My Life, My Health

Zen stone beside a river of raked sand

One obvious truth I am realizing as I learn more about health is this: I’m in charge here.

I spend all day in this body. I’m not powerless, in any way, and I have to believe that I CAN guide myself to greater health. It takes continual learning and experimenting. It takes tuning out the naysayers who think I am merely on a weight loss diet or that the changes I make are temporary. It takes the realization that no one else can, or will, push me forward, and that there are no miracle easy fixes, like a new drug or medical procedure, on the horizon.

The work is mine to do. Or not. The outcomes are mine.

So if I want to take a passive approach to the chronic disease I have been diagnosed with, that is an option. But if I want to learn about metabolic biochemistry, the impact of insulin and too much protein, about mitochondria function and mTOR metabolic signaling, I can do that too.

It’s a choice. About my life.

Health Care?

Close-up picture of brightly colored cereal loops.

It is amazing to me how much energy is being expended on what is fashioned the “health care debate” in this country.

Aren’t we really discussing how to continue funneling money to health care insurers to repair the damage done to our health by the rest of our food and disease-service systems?

In the most wealthy and advanced country that has ever existed in the world, we now have more medicine, more drugs, more medical options, and are spending increasingly more money every year. At the same exact time, the trend lines for most disease, chronic illness, and addiction are all sharply rising up and to the right. Two-thirds of Americans are overweight or obese. More than 100 million of us suffer from problems with a range of blood sugar issues, from insulin resistance to full-blown type 2 diabetes. We spend one third again more than the next most rich country ($9,400 per person in 2015 on health care, or 17% of our GDP) and the outcomes from that investment are dismal.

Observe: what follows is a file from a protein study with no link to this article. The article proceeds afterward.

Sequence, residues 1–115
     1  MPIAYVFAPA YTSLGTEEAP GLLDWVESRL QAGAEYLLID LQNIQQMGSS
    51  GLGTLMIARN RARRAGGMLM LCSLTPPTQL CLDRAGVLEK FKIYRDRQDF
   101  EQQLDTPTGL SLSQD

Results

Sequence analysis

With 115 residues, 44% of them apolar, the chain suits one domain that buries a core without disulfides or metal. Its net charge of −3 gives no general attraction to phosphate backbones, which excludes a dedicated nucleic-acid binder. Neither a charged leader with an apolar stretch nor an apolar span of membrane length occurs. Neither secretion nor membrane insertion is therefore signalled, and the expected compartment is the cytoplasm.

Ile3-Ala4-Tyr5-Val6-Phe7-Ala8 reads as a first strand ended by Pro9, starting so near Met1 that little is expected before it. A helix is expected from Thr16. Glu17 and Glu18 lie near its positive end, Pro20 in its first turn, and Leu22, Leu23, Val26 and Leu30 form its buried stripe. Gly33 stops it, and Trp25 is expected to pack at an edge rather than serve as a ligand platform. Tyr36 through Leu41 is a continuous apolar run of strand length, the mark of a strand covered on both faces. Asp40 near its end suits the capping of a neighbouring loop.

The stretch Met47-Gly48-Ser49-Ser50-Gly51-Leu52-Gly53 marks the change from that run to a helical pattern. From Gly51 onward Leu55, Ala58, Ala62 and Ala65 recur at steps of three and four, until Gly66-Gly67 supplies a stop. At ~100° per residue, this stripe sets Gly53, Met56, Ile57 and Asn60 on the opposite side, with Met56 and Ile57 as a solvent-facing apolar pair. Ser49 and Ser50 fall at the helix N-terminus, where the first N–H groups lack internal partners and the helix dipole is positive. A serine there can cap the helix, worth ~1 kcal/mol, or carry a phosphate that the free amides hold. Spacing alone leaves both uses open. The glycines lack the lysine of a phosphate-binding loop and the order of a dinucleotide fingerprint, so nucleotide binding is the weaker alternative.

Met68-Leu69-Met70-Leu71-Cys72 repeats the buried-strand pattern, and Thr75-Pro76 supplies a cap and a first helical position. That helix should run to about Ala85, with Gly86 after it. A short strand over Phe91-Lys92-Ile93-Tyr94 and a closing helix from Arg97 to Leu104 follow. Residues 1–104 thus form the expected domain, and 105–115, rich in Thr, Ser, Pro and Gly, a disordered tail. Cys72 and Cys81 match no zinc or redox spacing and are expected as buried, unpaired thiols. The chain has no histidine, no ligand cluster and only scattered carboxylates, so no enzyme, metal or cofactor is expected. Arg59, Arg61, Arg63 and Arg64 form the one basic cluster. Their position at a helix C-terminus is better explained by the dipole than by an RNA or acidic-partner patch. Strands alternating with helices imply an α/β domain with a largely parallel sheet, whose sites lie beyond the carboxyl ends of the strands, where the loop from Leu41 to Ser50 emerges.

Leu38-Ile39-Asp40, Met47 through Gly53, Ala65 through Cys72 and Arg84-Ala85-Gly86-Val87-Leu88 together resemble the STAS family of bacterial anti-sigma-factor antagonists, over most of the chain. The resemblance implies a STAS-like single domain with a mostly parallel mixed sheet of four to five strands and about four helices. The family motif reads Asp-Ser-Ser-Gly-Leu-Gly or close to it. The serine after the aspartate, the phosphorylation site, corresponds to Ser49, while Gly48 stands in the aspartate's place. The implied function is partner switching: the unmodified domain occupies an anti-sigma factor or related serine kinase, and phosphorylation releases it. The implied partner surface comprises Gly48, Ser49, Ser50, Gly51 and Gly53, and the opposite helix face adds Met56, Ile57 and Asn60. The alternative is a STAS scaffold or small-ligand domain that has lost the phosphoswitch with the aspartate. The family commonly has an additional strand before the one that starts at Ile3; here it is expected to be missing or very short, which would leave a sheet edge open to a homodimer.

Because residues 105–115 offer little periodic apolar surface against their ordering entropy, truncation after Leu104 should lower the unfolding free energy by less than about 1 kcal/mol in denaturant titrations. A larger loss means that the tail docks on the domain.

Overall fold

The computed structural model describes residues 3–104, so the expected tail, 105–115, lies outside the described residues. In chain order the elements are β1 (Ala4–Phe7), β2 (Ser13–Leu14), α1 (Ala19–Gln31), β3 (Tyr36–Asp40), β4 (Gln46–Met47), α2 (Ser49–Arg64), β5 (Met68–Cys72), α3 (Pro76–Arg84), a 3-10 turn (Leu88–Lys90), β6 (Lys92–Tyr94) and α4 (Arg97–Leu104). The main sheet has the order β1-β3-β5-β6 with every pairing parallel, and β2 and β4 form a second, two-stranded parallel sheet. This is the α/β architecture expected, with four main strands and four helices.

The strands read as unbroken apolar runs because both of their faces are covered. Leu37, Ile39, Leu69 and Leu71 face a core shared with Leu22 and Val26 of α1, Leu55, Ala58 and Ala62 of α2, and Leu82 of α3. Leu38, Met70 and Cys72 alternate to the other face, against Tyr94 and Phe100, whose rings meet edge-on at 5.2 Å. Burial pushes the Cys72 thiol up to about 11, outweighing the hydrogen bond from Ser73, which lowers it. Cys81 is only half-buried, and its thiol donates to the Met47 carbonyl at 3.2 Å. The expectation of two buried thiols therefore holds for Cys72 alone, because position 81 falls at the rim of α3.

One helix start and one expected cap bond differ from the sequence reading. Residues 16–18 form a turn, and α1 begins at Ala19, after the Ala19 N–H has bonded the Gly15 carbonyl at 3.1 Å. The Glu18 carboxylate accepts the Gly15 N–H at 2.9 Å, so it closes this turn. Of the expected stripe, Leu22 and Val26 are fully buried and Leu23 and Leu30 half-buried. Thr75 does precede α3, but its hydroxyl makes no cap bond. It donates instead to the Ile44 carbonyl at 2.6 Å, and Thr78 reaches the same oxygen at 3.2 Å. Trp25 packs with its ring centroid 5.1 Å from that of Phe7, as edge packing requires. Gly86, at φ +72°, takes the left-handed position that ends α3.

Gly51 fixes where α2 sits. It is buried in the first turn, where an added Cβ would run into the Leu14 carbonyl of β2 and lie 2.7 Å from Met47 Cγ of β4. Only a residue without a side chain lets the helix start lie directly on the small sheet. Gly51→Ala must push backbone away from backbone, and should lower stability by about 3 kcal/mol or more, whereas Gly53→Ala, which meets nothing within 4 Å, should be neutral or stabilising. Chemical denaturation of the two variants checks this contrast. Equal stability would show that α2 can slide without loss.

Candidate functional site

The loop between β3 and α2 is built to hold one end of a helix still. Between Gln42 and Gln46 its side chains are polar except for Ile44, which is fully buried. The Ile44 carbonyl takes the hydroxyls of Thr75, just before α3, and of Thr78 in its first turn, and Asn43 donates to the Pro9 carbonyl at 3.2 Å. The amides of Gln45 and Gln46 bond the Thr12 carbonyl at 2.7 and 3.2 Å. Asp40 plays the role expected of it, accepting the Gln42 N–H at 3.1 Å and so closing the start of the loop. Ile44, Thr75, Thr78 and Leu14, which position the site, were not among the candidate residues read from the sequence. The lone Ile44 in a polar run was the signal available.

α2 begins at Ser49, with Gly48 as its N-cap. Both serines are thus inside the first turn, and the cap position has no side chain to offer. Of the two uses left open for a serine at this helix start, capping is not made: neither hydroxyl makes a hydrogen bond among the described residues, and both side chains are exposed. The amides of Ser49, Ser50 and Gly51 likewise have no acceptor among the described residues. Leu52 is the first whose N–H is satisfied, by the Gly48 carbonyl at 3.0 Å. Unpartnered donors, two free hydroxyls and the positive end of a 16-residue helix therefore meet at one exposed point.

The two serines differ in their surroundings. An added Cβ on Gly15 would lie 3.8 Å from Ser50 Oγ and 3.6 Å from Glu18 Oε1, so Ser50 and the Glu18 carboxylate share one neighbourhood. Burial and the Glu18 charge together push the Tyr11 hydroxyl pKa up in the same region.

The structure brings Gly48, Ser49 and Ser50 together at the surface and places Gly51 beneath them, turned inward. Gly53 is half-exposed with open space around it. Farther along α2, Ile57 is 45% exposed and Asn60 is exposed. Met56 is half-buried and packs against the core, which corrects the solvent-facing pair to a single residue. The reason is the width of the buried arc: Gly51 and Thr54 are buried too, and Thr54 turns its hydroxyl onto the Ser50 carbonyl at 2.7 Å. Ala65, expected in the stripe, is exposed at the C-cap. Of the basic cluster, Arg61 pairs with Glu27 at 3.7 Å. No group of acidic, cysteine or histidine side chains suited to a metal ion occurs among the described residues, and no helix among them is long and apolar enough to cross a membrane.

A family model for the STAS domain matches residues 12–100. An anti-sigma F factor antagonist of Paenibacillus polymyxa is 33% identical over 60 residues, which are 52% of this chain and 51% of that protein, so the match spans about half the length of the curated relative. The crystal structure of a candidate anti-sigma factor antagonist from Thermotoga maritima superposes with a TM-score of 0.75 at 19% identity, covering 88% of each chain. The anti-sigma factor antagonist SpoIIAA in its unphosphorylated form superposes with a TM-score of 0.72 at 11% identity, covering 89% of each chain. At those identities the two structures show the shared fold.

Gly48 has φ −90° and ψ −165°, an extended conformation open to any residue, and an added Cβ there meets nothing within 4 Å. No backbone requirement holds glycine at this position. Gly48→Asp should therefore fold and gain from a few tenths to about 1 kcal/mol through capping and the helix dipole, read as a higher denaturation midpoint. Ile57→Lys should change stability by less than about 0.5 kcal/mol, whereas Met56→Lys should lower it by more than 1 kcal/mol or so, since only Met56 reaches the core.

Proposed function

We are 46th in infant mortality, and 31st in life expectancy! Our government and corporate food producers are so tied together that our government watchdog, the FDA, allows Fruit Loops cereal to be certified heart-healthy! Our farmed animals are raised in horrific conditions and deliver antibodies, corn, and other undesirable ingredients to our bodies. So many Americans have given up, and say, “it’s just part of getting older” as they settle for feeling fatigued or being in pain.

There is no central point of information about how to live healthily in a holistic way – what foods optimize health, how to control stress, how much movement and exercise are optimal. If you want to be healthy, you have to dig through a mountain of information and hope you can figure out what is true and what is just mis-information.  It makes me sad and frustrated.

Americans lose no matter which version of “health care” passes. I’m rethinking my health practices, and keeping my own counsel on this topic.

First, I’m getting healthy. Then, I’m getting angry. 

Uh huh, but what specifically?

Ginkgo Biloba leaves isolated on white

It has been about one year since we relocated to northern Michigan. When I tell people that health is my focus now, I can sense the unsaid “Uh, huh, what does that mean exactly?”

They can see I am thinner and more energetic. Some ask me how I lost weight, seeking a short answer – a ‘trick’, something simple to try. But there is no trick. It’s a whole lifestyle. I do a number of things more, better, or differently now. Here’s a summary of what I have changed in the last year for my whole-self health:

  • Give myself permission to go to bed early, to get plenty of rest and for general brain health
  • Walk and bicycle outside in nature at least 3 times a week to help my skin produce vitamin D, and reset my circadian rhythm through the production of melatonin
  • Regularly practice pilates for strength
  • Eat a low-lectin diet (to facilitate gut biome health)